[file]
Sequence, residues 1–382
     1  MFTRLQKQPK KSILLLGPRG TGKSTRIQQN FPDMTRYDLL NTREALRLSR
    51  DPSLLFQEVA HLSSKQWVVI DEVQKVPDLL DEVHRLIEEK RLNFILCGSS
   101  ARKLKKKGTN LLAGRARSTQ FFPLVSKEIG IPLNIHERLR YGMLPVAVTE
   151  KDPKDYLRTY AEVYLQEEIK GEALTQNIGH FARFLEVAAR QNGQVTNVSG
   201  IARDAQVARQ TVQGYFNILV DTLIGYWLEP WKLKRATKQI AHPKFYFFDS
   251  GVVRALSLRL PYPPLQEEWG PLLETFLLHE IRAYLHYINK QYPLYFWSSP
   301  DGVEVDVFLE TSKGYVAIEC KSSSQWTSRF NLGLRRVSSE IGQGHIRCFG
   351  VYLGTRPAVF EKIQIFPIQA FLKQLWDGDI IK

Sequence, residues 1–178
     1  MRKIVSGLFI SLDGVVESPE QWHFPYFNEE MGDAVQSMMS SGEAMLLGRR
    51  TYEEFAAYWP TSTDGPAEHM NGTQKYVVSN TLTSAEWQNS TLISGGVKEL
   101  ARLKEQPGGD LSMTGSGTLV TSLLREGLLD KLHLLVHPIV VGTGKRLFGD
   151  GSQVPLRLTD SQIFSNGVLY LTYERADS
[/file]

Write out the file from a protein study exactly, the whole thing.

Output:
Sequence, residues 1–382
     1  MFTRLQKQPK KSILLLGPRG TGKSTRIQQN FPDMTRYDLL NTREALRLSR
    51  DPSLLFQEVA HLSSKQWVVI DEVQKVPDLL DEVHRLIEEK RLNFILCGSS
   101  ARKLKKKGTN LLAGRARSTQ FFPLVSKEIG IPLNIHERLR YGMLPVAVTE
   151  KDPKDYLRTY AEVYLQEEIK GEALTQNIGH FARFLEVAAR QNGQVTNVSG
   201  IARDAQVARQ TVQGYFNILV DTLIGYWLEP WKLKRATKQI AHPKFYFFDS
   251  GVVRALSLRL PYPPLQEEWG PLLETFLLHE IRAYLHYINK QYPLYFWSSP
   301  DGVEVDVFLE TSKGYVAIEC KSSSQWTSRF NLGLRRVSSE IGQGHIRCFG
   351  VYLGTRPAVF EKIQIFPIQA FLKQLWDGDI IK

Sequence, residues 1–178
     1  MRKIVSGLFI SLDGVVESPE QWHFPYFNEE MGDAVQSMMS SGEAMLLGRR
    51  TYEEFAAYWP TSTDGPAEHM NGTQKYVVSN TLTSAEWQNS TLISGGVKEL
   101  ARLKEQPGGD LSMTGSGTLV TSLLREGLLD KLHLLVHPIV VGTGKRLFGD
   151  GSQVPLRLTD SQIFSNGVLY LTYERADS